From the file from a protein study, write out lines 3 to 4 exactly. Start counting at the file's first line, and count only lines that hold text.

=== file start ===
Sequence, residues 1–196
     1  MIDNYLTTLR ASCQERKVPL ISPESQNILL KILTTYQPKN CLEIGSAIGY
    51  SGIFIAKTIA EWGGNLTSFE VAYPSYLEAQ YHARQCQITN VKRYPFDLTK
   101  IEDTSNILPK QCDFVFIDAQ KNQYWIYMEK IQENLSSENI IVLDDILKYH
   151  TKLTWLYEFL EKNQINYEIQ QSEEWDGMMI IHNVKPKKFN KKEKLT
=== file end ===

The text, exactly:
    51  SGIFIAKTIA EWGGNLTSFE VAYPSYLEAQ YHARQCQITN VKRYPFDLTK
   101  IEDTSNILPK QCDFVFIDAQ KNQYWIYMEK IQENLSSENI IVLDDILKYH